REVOLVING DOOR

  • Washington Times reports, “It’s a bad day for those assigned to cover the Redskins on a daily basis — the team has parted ways with Chris Helein, the media relations chief since the summer of 2006.”

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    NEWSPAPERS

  • Killing Competition Breeds New-Style Foreign Correspondents

  • The latest survey by the Pew Research Center for the People & the Press shows, Barack Obama is riding high as the March 4 primaries approach. Obama has moved out to a broad-based advantage over Hillary Clinton in the national Democratic primary contest and holds a 50%-43% lead over John McCain in a general election matchup.”

  • On the Press Bus, Some Questions Over Favoritism

  • Gannett Blog reports, “Batting three for three, The Arizona Republic appears to be protecting another top Gannett executive from embarrassing online reader comments. The paper published its story about newly appointed newspaper division President Robert Dickey (left) — without allowing comments at the story’s end. Dickey, 50, the Republic’ s chairman, replaces retiring Sue Clark-Johnson, 61 — another former Republic executive.”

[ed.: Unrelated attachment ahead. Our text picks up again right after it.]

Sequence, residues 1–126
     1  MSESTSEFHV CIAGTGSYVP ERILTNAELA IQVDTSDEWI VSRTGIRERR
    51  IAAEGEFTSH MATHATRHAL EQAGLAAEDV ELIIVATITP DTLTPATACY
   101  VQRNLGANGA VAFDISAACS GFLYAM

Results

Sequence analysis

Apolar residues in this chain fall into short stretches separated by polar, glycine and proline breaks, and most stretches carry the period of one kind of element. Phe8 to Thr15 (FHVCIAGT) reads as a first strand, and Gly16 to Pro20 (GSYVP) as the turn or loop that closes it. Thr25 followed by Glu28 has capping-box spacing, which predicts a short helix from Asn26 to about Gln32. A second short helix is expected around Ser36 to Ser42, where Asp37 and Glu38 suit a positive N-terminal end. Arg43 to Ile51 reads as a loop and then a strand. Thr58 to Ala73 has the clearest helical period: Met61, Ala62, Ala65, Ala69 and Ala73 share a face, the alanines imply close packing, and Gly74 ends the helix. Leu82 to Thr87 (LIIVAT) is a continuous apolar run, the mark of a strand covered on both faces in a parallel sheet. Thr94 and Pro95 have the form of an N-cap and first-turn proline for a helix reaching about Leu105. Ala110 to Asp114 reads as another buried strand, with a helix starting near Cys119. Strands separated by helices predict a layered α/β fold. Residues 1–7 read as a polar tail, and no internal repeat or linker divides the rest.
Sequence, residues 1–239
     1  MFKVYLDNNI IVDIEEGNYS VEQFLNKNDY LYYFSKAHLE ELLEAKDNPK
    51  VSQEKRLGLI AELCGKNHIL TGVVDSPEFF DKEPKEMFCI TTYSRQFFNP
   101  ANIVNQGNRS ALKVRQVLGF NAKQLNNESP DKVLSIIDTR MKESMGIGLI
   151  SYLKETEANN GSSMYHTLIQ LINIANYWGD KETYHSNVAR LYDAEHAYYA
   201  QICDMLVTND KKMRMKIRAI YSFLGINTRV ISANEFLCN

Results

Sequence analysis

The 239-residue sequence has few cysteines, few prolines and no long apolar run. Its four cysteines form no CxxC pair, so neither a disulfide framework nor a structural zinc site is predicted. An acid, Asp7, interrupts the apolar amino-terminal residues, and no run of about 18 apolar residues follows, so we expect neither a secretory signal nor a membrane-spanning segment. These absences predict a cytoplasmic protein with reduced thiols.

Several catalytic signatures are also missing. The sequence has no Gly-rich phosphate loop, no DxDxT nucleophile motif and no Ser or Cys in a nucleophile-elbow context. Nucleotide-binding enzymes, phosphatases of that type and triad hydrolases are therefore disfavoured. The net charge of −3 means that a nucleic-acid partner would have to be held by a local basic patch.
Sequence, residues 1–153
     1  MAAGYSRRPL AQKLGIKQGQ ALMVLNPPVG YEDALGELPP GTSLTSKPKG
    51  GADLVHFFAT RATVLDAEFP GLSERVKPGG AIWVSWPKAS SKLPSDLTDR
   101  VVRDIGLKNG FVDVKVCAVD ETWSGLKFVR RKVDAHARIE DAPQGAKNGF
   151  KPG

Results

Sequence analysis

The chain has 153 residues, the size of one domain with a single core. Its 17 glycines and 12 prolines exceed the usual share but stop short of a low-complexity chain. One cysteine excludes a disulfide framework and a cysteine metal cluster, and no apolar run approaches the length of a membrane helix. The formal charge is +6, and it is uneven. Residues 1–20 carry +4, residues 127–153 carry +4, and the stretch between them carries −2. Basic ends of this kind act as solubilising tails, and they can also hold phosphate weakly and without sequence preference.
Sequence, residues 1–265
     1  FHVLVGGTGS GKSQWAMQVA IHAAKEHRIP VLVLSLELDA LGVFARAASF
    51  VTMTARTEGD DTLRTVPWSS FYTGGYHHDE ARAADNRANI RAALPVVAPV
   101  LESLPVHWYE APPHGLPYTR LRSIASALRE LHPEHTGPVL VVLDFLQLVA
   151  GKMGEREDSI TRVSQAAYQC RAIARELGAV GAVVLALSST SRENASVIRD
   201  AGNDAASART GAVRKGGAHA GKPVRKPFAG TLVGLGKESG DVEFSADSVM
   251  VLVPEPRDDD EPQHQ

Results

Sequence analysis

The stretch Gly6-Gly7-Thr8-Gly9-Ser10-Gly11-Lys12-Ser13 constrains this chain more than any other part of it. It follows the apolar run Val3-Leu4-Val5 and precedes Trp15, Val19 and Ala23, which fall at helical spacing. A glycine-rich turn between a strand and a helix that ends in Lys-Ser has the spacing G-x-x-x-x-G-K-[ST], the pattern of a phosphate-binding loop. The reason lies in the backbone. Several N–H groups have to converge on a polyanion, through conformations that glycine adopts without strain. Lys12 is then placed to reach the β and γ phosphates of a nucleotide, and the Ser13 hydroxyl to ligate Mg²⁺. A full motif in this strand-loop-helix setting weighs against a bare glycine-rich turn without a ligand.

• Los Angeles Times reports, “At the San Jose Mercury News, reporters have been instructed to wait at home on the morning of March 7. If they don’t get a phone call by 10 a.m. telling them that they’ve lost their jobs, they should head to work.”

  • The Crimson reports,Linda J. Greenhouse ’68, the New York Times reporter and former Crimson editor who has covered the U.S. Supreme Court for 30 praise-filled years, will retire from her beat, the newspaper confirmed yesterday.”

  • From a reader: “Here’s another one on everyone’s fave new media honco, Zell: If you look at the AP’s board of directors’ history, they hardly ever eliminate a Trib/NYT/WaPo member from their board, so Zell’s a shoo-in. If you were Ken Lowe/Gary Pruitt, would YOU piss off this man and vote ‘no?’ Me neither. When he visited the DC buros, I hear he had Randy Michaels, the up & coming CEO, in tow the whole time…”